Vol. 3 No. 2, Summer 1998 (#10)
by Anne Ursu
Somalia was birthed in blood, with conflict marking its heritage, its history, and now its present. Before its independence in 1960, Somalia was a battleground for power between the dying British and Italian empires; in the late '70s, the country became a staging ground for cold war maneuverings between the United States and Soviet Union. When Somalia's genocidal dictator was overthrown in 1991, equally bloodthirsty warlords began vying for control, and Somalia collapsed into war and anarchy. Its society and politics are now controlled by clans and subclans. The irony is that racially, ethnically, religiously, and linguistically, the people are homogenous, but clan politics lends itself too easily to the strife in Somalia's atavistic memory. Unless the country collectively confronts its past, strife will rend Somalia into bits.
Novelist Nuruddin Farah places the responsibility for Somalia's current condition firmly on Somalians themselves: "If you take the Somali nation as a family, the betrayal is no longer that of colonialism, it is no longer from outside, but from within. And the cure must also be found from within." Farah, who won 1998's Neustandt International Prize for Literature, says his project as a novelist is to "keep my country alive by writing about it." This goal is not just about cultural preservation but rather about instructions for survival. His most recent trilogy--Maps (1986), Gifts (1992), and now, Secrets--is polemic masked in obituary masked in parable masked in local drama. In Secrets, the nation is personified by a family whose own past tears apart their lives. Kalaman always knew there were secrets surrounding his origin. His parents chose for him a name stripped of any history or family--"Kalaman" comes from a bird's cry heard at his birth, a detached present which goes back only as far as the man himself. As a child who had been "interested in the origins of things, how rivers came into being and why they ran and where," young Kalaman wanted a name that made sense. Now that he's grown up, the name and the cloud of secrecy around his family remain; as a result, his grandfather cannot die, his mother has violent nightmares, and Kalaman has only emptiness. On the eve of Somalia's collapse into anarchy, Kalaman's childhood lover, Sholoongo, appears in his home, and her presence incurs his mother's murderous wrath, Kalaman's despair, and the tumescence of all kinds of secrets.
As secrecy necessitates, much of the novel is written in code. Totemic animals flit through the scenery and meaning is traded through heavily symbolic dreams and abstract folktales. Kalaman asks his grandfather Nonno about Sholoongo's own secrets, and his grandfather replies, "A man shuts himself away in a dark room, raises his index finger, pointing at the ceiling. Reemerging, he challenges the community members to tell him what he did in the dark room. Another man describes accurately what he did in the dark room when alone."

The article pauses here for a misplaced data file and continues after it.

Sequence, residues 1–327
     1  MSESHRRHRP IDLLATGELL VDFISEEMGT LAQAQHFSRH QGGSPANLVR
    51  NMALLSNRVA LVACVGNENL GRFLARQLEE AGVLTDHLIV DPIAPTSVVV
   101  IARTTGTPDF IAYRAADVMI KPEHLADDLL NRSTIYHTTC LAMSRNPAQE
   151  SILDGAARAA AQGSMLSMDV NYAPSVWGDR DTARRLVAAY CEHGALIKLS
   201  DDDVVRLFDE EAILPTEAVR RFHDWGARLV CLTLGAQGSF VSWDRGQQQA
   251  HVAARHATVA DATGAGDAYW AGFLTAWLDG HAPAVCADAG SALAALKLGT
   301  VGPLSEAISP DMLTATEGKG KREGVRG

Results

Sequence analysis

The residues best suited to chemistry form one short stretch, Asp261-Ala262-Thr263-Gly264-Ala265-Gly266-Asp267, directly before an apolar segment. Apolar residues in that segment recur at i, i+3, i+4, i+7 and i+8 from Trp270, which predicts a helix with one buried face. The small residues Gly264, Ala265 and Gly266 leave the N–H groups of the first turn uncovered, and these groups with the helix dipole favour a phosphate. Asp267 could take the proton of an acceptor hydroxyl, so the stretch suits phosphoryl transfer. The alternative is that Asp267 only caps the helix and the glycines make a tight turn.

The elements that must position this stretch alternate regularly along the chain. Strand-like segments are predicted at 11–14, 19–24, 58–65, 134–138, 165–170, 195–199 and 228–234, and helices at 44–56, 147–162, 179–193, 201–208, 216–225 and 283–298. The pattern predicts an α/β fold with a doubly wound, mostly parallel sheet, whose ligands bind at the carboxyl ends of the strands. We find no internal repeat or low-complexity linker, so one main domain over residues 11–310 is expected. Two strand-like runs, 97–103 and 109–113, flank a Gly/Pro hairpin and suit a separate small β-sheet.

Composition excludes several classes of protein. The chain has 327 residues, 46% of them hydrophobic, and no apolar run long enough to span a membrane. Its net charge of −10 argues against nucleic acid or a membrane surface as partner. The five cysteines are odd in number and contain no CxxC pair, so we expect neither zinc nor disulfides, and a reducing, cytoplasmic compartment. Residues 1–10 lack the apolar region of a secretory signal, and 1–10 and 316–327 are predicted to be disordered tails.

Secrets, by their very presence, announce themselves. As Nonno says, "secrets sabotage the very purpose for which they are being withheld; they give away the very thing one wishes to protect." The word "secret" shouts from each page; the repetition becomes a dead horse, the secrets, once revealed, are unsatisfying, and he abstruse narrative devices call attention to themselves. But maybe that's Farah's game; he is daring us to figure out his secret. The plot collapses because the story has nothing to do with one family's drama; Secrets is a parable about the need for a country to come together to confront the past.
Conceived in violence and ignorant of his history, Kalaman becomes the novel's stand-in for Somalia itself, and Sholoongo, animalistic and other, becomes the manifestation of a festering unspoken history. Sholoongo was born a "duugan"--a baby to be buried, but she survived, "and lived to haunt the villagers' conscience." Young Sholoongo blackmailed Kalaman's mother, aborted his father's baby, and attempted to seduce his grandfather. Sholoongo's arrival brings back an ugly past for each character, yet, once confronted, this ugliness disappears.
The family of Somalia needs to confront their past before they can move beyond blood and clans to create a healthy, coherent society. Farah criticizes Somalians for blaming the dictator and, before that, colonialism for their problems; Nonno says Kalaman's "undealt-with troubles began the instant he introduced a decisive element of blame-the-other syndrome into his guilt ridden sorrow." Nonno then begins to conflate Kalaman with Somalia:
There are moments in a person's or a nation's life when collapses can be avoided, even if at first they seem inevitable . . . Kalaman could have brought an end to this rigamarole sooner, if he had been true to his own instincts, if he had been forthrightly frank with Sholoongo herself: the Somali collectivity could have reversed the coming decline. He had no right to blame his parents or Nonno or others for his own failure . . . Give people a chance to speak their pieces, and many will display their personal and collective hurts: they all see themselves as ill-used by the dictatorship. Press them further into the corner, ask them for their contributions to the struggle against one-man tyranny, and they fall silent, many unable to deny being accomplices in the ruin.
That is Farah's secret, and he will shout it as loud as he can.
Rain Taxi Print Edition, Vol. 3 No. 2, Summer 1998 (#10) | © Rain Taxi, Inc. 1998